Learning from Others in the Digital Age

Don’t overlook the importance of vicarious learning for sharing critical knowledge at work

By Christopher G. Myers, PhD

People today have access to more information than at any point in human history. A 2014 report estimated the size of the internet at 1 billion unique websites, and by 2021, global internet traffic is expected to reach 3.3 zettabytes. That is 3.3 trillion gigabytes of information moving around online – enough, by my rough estimate, to fill 12.9 billion iPhones (the 256GB iPhone X, to be specific).

It’s no surprise, then, that one of the most common ways we seek out and learn new things is by going online — embodying the 21st-century learning mantra “I don’t know… hang on, I’ll Google it.” However, because of this volume of readily available information and knowledge, we risk forgetting one of the most important ways people learn, particularly at work — by learning from the experiences of others, or vicarious learning.

Though we have long recognized the benefits of not repeating others’ mistakes or “reinventing the wheel,” the emphasis of many modern organizations on self-directed learning and more autonomous, independent work means that employees are often turning to Google for answers, rather than learning vicariously from a colleague’s knowledge and experience.

This is a costly trend. Recent reports estimate the annual business cost of failing to share knowledge effectively to be in the millions of dollars, even for smaller organizations, and potentially totaling billions of dollars per year in collective losses for the companies in the Fortune 500.

“Recent reports estimate the annual business cost of failing to share knowledge effectively to be in the millions of dollars, even for smaller organizations.”

Failing to learn from others’ experiences at work is a concern for several reasons. Despite the plethora of hits returned on any given Google search, not all information is available online. The knowledge needed to succeed in many organizations relies on unique or sometimes proprietary information (such as patented designs or procedures). In addition, differences in the way knowledge is captured and retained can make it difficult to find certain pieces of information through online searches, even within an organization’s own digital archives. For instance, differences in terminology or document “tagging” practices can impede individuals’ efforts to search their companies’ online knowledge databases, leaving them unable to find important information simply because they searched the wrong keyword.

Most importantly, though, much of the knowledge needed for employees to learn and thrive at work is not the kind of formal, codified information that is typically documented in online repositories or knowledge-management systems. Instead, what is often critical for success is mastery of the tacit knowledge of the organization – the complex, interpretive knowledge that is difficult to capture or write down.

This need to learn vicariously from others’ tacit knowledge and experience pervades most organizations, particularly as the world of work continues to become more adaptive, complex, and knowledge-based. As it does, we will have to ask ourselves how we can harness the power of technology to support, rather than replace, these key interpersonal learning interactions.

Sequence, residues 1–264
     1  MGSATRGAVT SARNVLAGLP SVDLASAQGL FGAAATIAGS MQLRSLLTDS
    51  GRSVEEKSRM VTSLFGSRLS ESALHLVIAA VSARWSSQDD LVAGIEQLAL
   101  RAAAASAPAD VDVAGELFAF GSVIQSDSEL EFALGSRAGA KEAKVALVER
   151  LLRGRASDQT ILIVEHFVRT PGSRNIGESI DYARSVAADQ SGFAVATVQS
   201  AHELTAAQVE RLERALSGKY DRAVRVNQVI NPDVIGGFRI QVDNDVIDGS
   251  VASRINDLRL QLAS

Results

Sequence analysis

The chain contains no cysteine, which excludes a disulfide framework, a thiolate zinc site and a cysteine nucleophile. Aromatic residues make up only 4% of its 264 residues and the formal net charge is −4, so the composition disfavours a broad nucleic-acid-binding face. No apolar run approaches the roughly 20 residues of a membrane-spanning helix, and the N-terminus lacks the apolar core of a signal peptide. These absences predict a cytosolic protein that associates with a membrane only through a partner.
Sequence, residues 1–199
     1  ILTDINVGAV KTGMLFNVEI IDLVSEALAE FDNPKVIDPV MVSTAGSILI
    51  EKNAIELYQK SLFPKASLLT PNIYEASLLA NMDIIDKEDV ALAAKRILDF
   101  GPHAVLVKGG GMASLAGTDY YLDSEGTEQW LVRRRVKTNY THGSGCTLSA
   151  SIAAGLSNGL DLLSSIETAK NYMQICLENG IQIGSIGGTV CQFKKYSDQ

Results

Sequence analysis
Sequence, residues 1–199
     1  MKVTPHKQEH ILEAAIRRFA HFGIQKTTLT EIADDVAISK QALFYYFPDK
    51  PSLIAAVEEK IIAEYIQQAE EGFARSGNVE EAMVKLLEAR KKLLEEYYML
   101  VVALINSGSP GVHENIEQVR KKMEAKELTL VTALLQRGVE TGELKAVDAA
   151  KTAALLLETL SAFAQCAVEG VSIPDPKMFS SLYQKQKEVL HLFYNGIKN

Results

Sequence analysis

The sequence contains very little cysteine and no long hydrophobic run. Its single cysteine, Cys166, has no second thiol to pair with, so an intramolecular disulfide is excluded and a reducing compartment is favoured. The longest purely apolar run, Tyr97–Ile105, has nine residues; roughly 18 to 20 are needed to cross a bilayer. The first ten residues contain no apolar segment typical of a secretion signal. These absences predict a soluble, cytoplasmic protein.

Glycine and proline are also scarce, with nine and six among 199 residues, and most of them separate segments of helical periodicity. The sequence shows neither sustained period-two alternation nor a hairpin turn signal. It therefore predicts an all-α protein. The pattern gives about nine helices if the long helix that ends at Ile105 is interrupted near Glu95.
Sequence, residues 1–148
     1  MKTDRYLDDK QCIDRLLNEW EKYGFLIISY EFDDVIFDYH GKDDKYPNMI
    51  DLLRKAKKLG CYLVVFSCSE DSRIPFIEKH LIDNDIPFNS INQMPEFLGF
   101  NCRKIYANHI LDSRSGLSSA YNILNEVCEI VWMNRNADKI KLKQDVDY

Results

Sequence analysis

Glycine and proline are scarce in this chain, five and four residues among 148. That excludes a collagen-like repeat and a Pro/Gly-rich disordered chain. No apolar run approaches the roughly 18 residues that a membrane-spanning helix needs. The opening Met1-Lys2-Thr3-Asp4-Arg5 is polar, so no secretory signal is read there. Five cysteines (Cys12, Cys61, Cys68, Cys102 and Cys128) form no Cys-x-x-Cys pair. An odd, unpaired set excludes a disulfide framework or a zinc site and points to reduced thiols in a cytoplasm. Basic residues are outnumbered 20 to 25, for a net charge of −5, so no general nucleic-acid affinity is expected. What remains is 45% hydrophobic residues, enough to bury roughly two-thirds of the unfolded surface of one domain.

For instance, in our executive education courses at the Johns Hopkins Carey Business School, we prioritize cohort-based learning experiences in which participants can learn from in-depth discussion and interaction with faculty and peers. These interactions are often supported with technological tools (including simulations, online readings, and web modules), but the core experience always centers around rich, face-to-face learning interactions. This learning experience arms participants with research-based ideas and the nuance necessary to go back to their day-to-day work and adapt knowledge to meet their dynamic demands, rather than just trying to implement a boilerplate solution they found in a document online.

Balancing the growth of technological tools with the benefit of in-person learning and tacit knowledge sharing will continue to be a critical challenge for human resources managers, and raises a plethora of questions and possibilities. How can we use technology, for instance, to enable greater vicarious learning between members of geographically dispersed teams? How might the availability of information online be used to provide a “foundation” of codified knowledge that can be expanded by learning from stories of others’ experiences? And what role could social media play in facilitating the sharing of more tacit knowledge across teams, organizations, or even industries?

Hang on, I’ll try Googling it and see what I find out.

An earlier version of this article appeared in the Fall 2016 Carey Business magazine. Learn more at http://carey.jhu.edu/exec-ed

Christopher G. Myers, PhD is an Assistant Professor and Academic Director of Executive Education at the Johns Hopkins Carey Business School with joint faculty appointments in the School of Medicine and Armstrong Institute for Patient Safety & Quality. His research explores questions of learning, development, and innovation in organizations, as well as how people learn vicariously from others’ knowledge and experience at work.